By John M. Jascob, J.D., LL.M.
The membership of the North American Securities Administrators Association (NASAA) has approved a model act for use by states in establishing restitution assistance funds for victims of securities violations. The model act, which states may either adopt as legislation or implement by regulation, establishes a state securities restitution assistance fund, outlines eligibility requirements for victims seeking restitution assistance, sets payment caps on the amount of awards, prohibits and forfeits awards in certain circumstances, and provides for recovery mechanisms.
"State securities regulators are focused on protecting the interests of investors and this model act provides states with one more a tool to help securities fraud victims on their way to financial recovery," said NASAA President and West Virginia Senior Deputy Securities Commissioner Lisa Hopkins in a news release. The NASAA membership approved the model act during a meeting held in conjunction with the association’s 2021 Virtual Public Policy Symposium.
Initially proposed in July 2020, the NASAA Model Act to Create a Restitution Assistance Fund for Victims of Securities Violations draws upon similar legislation in Indiana, Montana, Vermont, Kansas, and Maine. The model act creates a securities restitution assistance fund within the adopting jurisdiction to provide funds for restitution assistance for victims that were awarded restitution in a final order or legal proceeding and have not received the full amount of the restitution ordered.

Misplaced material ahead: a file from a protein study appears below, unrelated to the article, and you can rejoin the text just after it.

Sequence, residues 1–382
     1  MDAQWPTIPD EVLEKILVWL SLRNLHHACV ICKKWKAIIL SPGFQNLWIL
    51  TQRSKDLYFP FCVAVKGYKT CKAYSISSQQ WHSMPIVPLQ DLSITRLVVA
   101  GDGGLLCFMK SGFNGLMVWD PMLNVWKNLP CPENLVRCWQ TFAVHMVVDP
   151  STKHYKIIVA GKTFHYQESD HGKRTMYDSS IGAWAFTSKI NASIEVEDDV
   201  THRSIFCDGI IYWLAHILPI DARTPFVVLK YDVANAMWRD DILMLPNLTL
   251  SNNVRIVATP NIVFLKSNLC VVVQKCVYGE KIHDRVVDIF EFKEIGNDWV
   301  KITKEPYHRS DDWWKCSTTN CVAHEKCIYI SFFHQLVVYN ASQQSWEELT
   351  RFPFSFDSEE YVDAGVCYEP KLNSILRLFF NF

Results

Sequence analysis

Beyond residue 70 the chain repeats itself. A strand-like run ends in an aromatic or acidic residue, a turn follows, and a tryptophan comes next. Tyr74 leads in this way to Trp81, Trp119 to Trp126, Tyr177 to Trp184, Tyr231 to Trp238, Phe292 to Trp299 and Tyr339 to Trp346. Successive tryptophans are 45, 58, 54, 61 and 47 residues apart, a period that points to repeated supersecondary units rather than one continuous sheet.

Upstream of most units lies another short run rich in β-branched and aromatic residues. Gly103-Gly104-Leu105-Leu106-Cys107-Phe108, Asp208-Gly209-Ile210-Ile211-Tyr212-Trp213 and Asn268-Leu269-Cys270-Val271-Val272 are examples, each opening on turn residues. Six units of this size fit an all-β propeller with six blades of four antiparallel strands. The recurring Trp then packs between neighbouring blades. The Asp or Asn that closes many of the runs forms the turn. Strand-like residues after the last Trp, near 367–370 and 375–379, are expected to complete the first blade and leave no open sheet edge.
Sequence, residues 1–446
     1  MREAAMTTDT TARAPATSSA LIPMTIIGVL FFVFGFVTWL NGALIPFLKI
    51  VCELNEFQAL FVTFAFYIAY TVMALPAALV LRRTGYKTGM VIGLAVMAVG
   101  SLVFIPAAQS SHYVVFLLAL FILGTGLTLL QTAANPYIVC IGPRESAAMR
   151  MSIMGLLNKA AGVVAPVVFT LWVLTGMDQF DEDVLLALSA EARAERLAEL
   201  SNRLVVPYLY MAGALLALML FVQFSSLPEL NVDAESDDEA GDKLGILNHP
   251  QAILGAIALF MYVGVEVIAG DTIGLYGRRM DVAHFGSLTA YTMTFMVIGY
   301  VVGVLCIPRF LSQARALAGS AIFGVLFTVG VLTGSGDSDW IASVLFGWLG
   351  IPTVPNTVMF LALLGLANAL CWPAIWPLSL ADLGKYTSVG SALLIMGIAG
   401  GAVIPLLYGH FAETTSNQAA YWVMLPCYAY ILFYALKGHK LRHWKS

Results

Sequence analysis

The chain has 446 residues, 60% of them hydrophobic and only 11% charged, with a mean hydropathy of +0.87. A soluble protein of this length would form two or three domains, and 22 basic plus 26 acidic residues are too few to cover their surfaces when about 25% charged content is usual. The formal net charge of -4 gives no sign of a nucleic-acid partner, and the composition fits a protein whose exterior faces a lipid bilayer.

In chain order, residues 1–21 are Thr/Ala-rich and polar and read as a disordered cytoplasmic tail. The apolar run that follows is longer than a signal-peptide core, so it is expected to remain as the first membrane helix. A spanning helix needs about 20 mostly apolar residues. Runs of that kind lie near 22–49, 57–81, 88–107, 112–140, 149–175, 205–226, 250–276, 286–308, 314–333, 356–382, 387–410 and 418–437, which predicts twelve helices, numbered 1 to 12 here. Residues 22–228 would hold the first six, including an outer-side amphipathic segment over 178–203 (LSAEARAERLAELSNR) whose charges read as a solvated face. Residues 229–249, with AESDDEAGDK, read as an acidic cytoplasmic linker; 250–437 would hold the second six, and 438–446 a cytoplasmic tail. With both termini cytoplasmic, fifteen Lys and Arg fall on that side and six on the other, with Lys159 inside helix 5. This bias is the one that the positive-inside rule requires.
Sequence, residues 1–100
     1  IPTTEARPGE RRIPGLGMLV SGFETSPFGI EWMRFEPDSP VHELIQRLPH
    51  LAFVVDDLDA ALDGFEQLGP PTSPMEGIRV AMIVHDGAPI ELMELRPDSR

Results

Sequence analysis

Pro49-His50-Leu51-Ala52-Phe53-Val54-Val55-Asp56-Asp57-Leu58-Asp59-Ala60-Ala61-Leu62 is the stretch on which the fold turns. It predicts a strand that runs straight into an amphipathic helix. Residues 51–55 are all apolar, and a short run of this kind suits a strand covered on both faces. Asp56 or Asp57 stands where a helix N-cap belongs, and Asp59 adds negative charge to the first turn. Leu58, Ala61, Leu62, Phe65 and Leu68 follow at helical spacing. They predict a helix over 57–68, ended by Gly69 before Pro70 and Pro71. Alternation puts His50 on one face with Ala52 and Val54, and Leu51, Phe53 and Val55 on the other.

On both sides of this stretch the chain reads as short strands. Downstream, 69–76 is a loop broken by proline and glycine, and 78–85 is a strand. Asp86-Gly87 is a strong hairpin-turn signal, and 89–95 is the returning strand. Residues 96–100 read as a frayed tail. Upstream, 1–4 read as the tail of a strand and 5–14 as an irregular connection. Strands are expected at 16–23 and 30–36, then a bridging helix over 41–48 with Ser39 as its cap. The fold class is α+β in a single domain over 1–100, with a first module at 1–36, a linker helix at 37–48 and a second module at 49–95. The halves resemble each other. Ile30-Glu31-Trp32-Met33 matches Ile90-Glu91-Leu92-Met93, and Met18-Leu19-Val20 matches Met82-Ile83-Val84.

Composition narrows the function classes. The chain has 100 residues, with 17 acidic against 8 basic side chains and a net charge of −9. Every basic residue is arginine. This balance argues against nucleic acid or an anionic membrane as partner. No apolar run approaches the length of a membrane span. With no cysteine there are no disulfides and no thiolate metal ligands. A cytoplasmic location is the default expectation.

Eligibility. Persons eligible for restitution include: (1) natural persons who were residents of the adopting jurisdiction at the time of the securities violation; and (2) non-natural persons domiciled in the jurisdiction at the time of the violation. Applications for restitution assistance under the model act must be received not more than one year after the date of the final order awarding restitution to the victim. The model act prohibits a jurisdiction from awarding restitution assistance if the victim: (1) sustained the monetary injury primarily as a result of participating or assisting in a securities violation or attempting to commit a violation; or (2) profited or would have profited from a securities violation.
Restitution assistance payments are capped at: (1) the lesser of $25,000 or 25 percent of the amount of unpaid restitution awarded in the final order; or (2) the lesser of $50,000 or 50 percent of the amount of unpaid restitution awarded in the final order if the victim is a vulnerable person. The model act defines a "vulnerable person" as: (1) a person over a certain age to be specified by the adopting jurisdiction; or (2) an individual protected under the jurisdiction’s statute protecting vulnerable persons.
Funding. The model act does not specifically prescribe funding sources for the restitution assistance fund, leaving these to be identified and considered by each jurisdiction. As discussed in the act’s prefatory notes, possible sources of funding might include: civil fines or administrative penalties assessed by the jurisdiction; funds received for deposit into the jurisdiction’s enforcement account; appropriations by the legislature; gifts, grants, bequests, or other donations or voluntary contributions received by the jurisdiction; and transfers from an investor education and protection fund.
NASAA’s news release observed that Indiana has issued approximately $1 million in awards to 102 claimants under its restitution assistance statute, while Montana has awarded approximately $1.8 million to 134 claimants. The average age of a restitution recipient was 64 years old in Indiana, and 82 percent of restitution recipients were over 60 years old in Montana.